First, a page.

Raes Abdul Wahed

From Wikipedia, the free encyclopedia
Jump to: navigation, search

Raes Abdul Wahed (also transliterated as Abdul Rais Wahid and Abdul Wahid) is an Afghan warlord. [1]

According to an article in the May 23, 2002 issue of Time magazine, Wahed was a Taliban commander who surrendered on January 5, 2002. Time reported that Wahed remained at large and in command of his district. Other sources report that Wahed hid Taliban leader Mullah Omar, and enabled his escape. [2][3]

See also[edit]

References[edit]

  1. ^ Michael Ware (2002-05-23). "Encountering the Taliban: A TIME correspondent tracks down unrepentant anti-American forces who vow to keep fighting". Time (magazine). Retrieved 2008-07-30. Although the Kandahar government has made dramatic announcements of Taliban surrenders, many of the trumpeted capitulations have turned out later to have been shams. In Baghran in the southwestern province of Helmand, formidable Taliban General Abdul Wahid, known as Rais the Baghran, was said to have given up around Jan. 5. The next day, TIME met with the resolute Wahid. Most of his arsenal and troops remained intact. To this day he controls the district.  mirror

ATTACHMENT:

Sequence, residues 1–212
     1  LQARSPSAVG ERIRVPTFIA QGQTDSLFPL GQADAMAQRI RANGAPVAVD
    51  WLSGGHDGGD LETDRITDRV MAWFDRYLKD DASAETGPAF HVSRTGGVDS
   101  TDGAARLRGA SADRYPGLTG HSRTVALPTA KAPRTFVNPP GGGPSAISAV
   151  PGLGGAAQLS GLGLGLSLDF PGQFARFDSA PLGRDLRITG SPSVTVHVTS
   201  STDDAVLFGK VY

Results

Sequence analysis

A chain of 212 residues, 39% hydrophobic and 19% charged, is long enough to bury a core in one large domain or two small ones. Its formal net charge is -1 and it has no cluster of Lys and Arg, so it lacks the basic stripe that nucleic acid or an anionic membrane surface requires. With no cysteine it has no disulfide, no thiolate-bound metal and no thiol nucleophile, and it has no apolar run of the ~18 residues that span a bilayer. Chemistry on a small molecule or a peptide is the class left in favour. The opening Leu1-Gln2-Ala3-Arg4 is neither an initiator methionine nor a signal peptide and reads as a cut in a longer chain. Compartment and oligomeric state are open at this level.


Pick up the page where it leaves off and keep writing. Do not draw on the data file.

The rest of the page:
2. ^ Shahzada Zulfiqar (February 2002). "The Fall and After". Newsline. Archived from the original on September 28, 2007. Retrieved 2008-07-30. Rais Abdul Wahid, a powerful warlord in Baghran, a Tora Bora like mountainous area, agreed to cooperate in the search in the wake of threats by US forces to bombard the area. The search met with no success and some people believe Rais may have delayed it to give Mullah Omar enough time to get away.  mirror
  3. ^ Victoria Burnett (July 11, 2004). "As a vote nears, Taliban fight on". Boston Globe. Archived from the original on 2005-03-05. Retrieved 2008-07-30. For example, Afghan officials had intelligence indicating that Akhtar Mohammed Usmani, a former Taliban commander of Kandahar, and Rais Abdul Wahid, who is believed to have sheltered the Taliban leader, Mullah Omar, from coalition forces after the Taliban were forced from Kabul, are living in northern Helmand Province and financing their operations through opium, he said.